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Sloane v. Rehoboth Mckinley Christian Health Care Services, Inc.

Court of Appeals of New Mexico

May 7, 2018

CLARK EVANS SLOANE, KIM E. DAVIS, QUEENA KIEN, MINDIM. SHULTZ, and ANTHNETTE SPENCER, on behalf of themselves and all others similarly situated, Plaintiffs-Appellants,
v.
REHOBOTH MCKINLEY CHRISTIAN HEALTH CARE SERVICES, INC. d/b/a REHOBOTH MCKINLEY CHRISTIAN HOSPITAL, a New Mexico Non-Profit Corporation, Defendant-Appellee.

          APPEAL FROM THE DISTRICT COURT OF MCKINLEY COUNTY Louis E. DePauli, Jr., District Judge

          Youtz & Valdez, P.C. Shane Youtz Stephen Curtice James A. Montalbano Albuquerque, NM for Appellants

          Moody & Warner, P.C. Repps D. Stanford Christopher M. Moody Albuquerque, NM for Appellee

          OPINION

          DANIEL J. GALLEGOS, JUDGE.

         {¶1} This is a wage-and-hour putative collective and class action alleging that Defendant, Rehoboth McKinley Christian Health Care Services, Inc. (Rehoboth), failed to pay Plaintiffs and other non-exempt employees for time they spent working during meal breaks. This Court granted Plaintiffs' application for interlocutory appeal to consider two questions: (1) whether the district court erred in denying conditional certification for a collective action under the Minimum Wage Act (MWA), NMSA 1978, §§ 50-4-19 to -30 (1955, as amended through 2013); and (2) whether the district court erred in denying class certification for Plaintiffs' unjust enrichment claim. For the reasons that follow, we reverse the district court's denial of conditional certification for the MWA claim, and we affirm the district court's denial of class certification for the unjust enrichment claim.

         BACKGROUND

         {¶2} Rehoboth is a non-profit, integrated healthcare delivery system that operates a sixty-bed acute care hospital in Gallup, New Mexico. Plaintiffs are a group of Rehoboth employees considered to be non-exempt for purposes of calculating minimum wage and overtime wages. During the relevant period, Rehoboth employed hundreds of such non-exempt employees at its Gallup facility. The non-exempt employees were all subject to Rehoboth's employee handbook. Particularly relevant to this case, the handbook outlined Rehoboth's policy on meal breaks.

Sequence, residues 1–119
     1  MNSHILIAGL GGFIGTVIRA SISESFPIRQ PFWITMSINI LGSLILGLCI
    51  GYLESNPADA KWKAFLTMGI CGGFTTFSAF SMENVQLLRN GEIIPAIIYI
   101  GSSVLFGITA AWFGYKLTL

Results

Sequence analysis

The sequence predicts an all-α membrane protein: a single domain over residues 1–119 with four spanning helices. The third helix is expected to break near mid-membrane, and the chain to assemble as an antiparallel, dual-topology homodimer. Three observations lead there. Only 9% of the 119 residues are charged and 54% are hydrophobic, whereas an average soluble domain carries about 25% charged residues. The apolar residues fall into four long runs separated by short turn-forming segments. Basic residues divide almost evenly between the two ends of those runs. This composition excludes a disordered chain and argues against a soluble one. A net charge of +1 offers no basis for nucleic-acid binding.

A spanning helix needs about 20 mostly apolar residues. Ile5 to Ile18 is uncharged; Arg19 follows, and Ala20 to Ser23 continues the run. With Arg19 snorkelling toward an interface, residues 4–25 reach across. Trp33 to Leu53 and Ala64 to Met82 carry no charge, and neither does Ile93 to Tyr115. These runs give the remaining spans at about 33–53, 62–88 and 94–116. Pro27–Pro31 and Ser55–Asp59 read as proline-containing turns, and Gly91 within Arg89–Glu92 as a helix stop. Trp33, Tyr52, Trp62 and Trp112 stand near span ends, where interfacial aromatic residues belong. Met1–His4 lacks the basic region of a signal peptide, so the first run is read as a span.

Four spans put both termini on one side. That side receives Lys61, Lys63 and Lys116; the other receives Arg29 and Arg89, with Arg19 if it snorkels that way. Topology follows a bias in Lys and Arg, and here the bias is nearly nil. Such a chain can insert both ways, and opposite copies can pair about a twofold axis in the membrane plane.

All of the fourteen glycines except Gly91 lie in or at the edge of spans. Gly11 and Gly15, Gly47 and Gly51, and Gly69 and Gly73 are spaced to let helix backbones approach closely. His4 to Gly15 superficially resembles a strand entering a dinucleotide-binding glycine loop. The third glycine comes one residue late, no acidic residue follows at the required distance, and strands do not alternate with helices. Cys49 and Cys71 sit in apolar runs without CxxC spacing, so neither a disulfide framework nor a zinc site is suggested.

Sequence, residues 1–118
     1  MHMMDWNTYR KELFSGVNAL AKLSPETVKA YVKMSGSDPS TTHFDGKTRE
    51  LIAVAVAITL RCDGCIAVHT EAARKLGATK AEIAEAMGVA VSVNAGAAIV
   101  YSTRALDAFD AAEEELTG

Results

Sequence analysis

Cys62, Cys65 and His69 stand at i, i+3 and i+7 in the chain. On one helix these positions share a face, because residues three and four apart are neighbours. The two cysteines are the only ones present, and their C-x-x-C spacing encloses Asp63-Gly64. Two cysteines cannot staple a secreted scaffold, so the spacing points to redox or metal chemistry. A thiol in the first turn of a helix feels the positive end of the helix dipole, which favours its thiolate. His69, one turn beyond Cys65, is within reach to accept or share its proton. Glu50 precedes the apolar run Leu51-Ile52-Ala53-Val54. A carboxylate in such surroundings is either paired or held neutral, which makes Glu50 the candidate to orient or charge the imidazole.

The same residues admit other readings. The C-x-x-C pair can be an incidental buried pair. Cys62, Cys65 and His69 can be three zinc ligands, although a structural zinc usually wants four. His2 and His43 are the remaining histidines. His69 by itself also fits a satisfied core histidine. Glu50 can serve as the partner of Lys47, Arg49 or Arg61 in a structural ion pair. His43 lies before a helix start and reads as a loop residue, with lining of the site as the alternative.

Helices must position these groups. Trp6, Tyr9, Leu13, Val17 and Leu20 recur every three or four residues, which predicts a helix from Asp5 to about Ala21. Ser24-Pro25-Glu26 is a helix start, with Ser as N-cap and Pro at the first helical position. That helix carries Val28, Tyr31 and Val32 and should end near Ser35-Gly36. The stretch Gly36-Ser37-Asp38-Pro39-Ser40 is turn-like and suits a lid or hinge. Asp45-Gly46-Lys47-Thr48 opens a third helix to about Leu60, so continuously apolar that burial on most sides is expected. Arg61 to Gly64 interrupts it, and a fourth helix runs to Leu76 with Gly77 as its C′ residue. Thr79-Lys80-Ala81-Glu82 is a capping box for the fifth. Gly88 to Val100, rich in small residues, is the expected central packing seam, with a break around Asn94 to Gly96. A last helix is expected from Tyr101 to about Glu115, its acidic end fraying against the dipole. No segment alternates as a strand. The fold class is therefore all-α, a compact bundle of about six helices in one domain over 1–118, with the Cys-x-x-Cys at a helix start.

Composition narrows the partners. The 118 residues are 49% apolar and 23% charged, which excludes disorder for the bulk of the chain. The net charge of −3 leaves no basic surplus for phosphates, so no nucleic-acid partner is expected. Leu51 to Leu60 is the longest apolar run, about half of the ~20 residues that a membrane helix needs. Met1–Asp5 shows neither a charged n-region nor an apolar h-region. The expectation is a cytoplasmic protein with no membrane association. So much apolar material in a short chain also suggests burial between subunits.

{¶3} Under Rehoboth's meal break policy, non-exempt employees involved in direct patient care or support services received unpaid meal breaks. In order to carry out this policy of unpaid meal breaks, Rehoboth's timekeeping system automatically deducted time for meal breaks in half-hour increments. Basically, this means that non-exempt employees were provided with an unpaid half hour during their shift in which to eat, and the purpose of the automatic deduction was to ensure that this period was accounted for without the employee having to clock out and then clock back in. If an employee had to work through a meal break, the policy provided that the employee must get his or her supervisor's permission and must affirmatively punch the "no lunch" button on the time clock at the end of his or her shift. The "no lunch" option thus allowed the employee to be compensated for a meal period for which he or she worked. In addition, the employee could also report-after the fact-that he or she had worked thro, ugh a meal break, and several avenues existed to reverse the automatic deduction. Specifically, the employee, supervisor, or payroll department could make changes to the employee's pay report.

         {¶4} Plaintiffs are five non-exempt employees of Rehoboth who allege that they worked through their meal periods, but due to the automatic deduction, they were not compensated for the time that they worked. They were employed in various capacities at Rehoboth's Gallup facility, including a technician on the overnight shift in the emergency department; a technician on the weekday shift in the radiology department; a certified nursing assistant (CNA) on the day shift in the medical/surgery department and emergency department; a CNA and patient care technician on the day shift in the emergency department; and a registered nurse on the overnight shift in the emergency department. The allegations common to all of Plaintiffs' claims are that supervisors at Rehoboth discouraged non-exempt employees from using the "no lunch" button and told employees that they were to find a way to take an uninterrupted meal break, but that employees were often called back to work or took calls for service during their meal breaks due to staffing issues. One Plaintiff alleges that he punched the "no lunch" button after one such occasion, but a supervisor revoked that entry.